On Christmas Eve 1968 three Americans became the first humans to visit another world. What they did to celebrate was unexpected and profound, and will be remembered throughout all human history. Genesis: the Story of Apollo 8, Robert Zimmerman's classic history of humanity's first journey to another world, tells that story, and it is now available as both an ebook and an audiobook, both with a foreword by Valerie Anders and a new introduction by Robert Zimmerman.
"Not simply about one mission, [Genesis] is also the history of America's quest for the moon... Zimmerman has done a masterful job of tying disparate events together into a solid account of one of America's greatest human triumphs." --San Antonio Express-News
It has been several months since my last Martian pit update, mostly caused by the lack of new pit images coming down from the high resolution camera on Mars Reconnaissance Orbiter (MRO). I think this lack is not because of a lack of additional pits or caves but instead signals the completion of a first high resolution survey of the known pits so far found on Mars. A full list of all past pit updates can be found at the bottom of this post.
Regardless, the image to the right, cropped to post here, is the only such image in months, taken on April 14, 2020, and shows a small isolated pit in the lava slopes between the giant volcanoes Arsia and Pavonis Mons. In the full photograph you can see how isolated is this pit. To the limits of the image there are no other such features, the terrain a relatively smooth plain with only some small ridges and and a scattering of what seem to be partly obscured or eroded small craters.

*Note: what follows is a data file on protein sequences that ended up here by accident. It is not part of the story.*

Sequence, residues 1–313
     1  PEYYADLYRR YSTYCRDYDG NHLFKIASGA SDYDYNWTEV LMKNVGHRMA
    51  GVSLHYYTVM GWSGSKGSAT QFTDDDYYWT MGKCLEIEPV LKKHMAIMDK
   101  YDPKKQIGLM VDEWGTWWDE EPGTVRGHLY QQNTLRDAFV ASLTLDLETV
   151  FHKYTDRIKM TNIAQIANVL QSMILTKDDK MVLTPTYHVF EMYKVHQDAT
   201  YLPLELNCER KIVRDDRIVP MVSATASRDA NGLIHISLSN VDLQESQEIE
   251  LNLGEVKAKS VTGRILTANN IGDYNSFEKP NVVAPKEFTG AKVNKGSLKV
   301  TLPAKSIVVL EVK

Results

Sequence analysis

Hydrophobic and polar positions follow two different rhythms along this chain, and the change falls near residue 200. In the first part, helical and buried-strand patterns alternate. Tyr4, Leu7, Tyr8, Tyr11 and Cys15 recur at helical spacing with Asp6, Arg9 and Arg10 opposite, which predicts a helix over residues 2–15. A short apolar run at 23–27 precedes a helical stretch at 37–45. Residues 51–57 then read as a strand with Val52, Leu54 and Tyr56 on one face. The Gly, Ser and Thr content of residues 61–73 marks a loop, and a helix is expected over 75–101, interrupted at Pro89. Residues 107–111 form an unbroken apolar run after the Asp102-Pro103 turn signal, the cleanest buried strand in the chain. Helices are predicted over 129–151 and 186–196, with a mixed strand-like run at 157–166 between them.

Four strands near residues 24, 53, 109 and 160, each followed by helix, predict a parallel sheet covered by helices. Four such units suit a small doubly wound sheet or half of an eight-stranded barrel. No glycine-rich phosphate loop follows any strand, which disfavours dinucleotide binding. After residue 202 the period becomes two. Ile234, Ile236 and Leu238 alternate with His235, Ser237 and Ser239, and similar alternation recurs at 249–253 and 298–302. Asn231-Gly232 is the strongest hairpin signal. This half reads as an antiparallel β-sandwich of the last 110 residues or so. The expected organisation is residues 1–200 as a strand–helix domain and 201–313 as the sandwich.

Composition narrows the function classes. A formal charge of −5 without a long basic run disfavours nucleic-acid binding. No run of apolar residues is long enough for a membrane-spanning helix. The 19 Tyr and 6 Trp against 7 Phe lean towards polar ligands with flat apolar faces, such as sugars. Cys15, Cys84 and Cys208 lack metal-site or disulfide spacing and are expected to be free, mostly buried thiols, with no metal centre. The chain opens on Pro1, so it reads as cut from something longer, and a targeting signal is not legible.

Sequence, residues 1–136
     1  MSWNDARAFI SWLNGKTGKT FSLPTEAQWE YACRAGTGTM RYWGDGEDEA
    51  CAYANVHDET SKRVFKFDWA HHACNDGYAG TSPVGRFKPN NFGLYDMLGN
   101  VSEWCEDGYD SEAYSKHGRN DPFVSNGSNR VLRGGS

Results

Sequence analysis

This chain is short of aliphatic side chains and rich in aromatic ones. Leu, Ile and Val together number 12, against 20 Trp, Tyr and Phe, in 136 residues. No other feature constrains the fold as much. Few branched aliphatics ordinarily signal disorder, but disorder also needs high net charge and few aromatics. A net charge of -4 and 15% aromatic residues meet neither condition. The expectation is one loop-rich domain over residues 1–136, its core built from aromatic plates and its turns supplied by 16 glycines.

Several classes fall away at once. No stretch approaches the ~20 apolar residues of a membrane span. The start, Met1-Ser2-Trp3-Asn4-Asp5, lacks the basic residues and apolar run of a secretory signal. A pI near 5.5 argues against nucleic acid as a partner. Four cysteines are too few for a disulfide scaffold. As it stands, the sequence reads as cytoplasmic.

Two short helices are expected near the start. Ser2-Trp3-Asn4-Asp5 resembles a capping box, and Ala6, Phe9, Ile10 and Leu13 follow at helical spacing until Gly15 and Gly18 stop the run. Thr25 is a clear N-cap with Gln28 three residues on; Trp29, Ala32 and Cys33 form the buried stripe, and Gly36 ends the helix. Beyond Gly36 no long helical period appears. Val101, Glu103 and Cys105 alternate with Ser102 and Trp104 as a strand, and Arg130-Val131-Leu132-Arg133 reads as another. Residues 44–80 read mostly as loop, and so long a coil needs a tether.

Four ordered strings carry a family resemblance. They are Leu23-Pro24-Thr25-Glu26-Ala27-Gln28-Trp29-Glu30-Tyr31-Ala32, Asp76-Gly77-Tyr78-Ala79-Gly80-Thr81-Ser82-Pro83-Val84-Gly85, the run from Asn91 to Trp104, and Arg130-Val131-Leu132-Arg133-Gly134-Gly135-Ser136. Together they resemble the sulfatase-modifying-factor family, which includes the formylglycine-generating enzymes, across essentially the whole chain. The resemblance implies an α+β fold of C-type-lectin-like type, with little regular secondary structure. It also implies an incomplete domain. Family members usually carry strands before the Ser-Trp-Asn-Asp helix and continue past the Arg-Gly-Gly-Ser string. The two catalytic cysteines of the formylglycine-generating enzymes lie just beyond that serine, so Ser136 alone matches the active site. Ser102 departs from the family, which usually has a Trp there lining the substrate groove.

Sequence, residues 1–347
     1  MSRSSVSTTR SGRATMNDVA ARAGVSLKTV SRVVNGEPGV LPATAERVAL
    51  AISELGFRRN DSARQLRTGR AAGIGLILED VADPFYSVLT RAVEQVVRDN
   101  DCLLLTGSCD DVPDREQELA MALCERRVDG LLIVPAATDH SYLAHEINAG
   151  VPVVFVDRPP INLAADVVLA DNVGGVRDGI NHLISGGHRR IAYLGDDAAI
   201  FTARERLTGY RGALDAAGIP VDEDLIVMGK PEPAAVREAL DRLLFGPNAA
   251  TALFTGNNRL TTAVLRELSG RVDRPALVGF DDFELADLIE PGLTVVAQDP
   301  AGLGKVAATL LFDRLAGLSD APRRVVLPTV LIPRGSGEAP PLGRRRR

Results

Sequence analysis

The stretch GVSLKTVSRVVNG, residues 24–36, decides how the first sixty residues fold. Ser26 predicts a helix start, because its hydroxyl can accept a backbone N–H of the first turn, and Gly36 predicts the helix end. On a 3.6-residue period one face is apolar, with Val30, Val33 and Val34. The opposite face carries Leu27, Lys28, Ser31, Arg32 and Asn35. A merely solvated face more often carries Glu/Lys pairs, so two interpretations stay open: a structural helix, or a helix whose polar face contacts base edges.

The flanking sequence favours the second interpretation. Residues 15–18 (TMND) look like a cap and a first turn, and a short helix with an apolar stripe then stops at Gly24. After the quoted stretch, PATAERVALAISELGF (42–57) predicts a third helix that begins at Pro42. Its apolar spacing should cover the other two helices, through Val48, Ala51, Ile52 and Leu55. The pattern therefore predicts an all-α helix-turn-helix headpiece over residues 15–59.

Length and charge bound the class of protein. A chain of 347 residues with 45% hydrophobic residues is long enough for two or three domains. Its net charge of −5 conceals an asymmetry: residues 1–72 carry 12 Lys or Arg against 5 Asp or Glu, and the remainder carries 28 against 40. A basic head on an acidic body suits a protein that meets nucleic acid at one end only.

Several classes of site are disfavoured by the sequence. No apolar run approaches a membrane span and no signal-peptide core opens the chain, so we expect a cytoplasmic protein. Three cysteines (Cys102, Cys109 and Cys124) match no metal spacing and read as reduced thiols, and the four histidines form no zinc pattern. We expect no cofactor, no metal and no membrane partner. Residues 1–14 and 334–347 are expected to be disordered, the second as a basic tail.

The overview below map shows this pit’s relationship to the volcanoes as well as to all other known nearby pits.
The white box indicates this pit’s location. The black boxes are all the other pits documented in earlier posts on Behind the Black. The nearest other pit to the north, highlighted in a post in February 2019, is very similar, a single sudden pit in the middle of a relatively featureless plain.
In fact, most of the pits in this area are alike, isolated pits with no other related features. If they are skylights into lava tubes, those tubes show no expression on the surface, which suggests they are either deep underground or simply don’t exist. The assumption that these pits are skylights into larger cave systems is based on Earth experience. On Mars however volcanic lava flow might express itself in different ways.
To better understand this geology we simply have to enter these pits and explore them.
All Martian pit posts since 2018:
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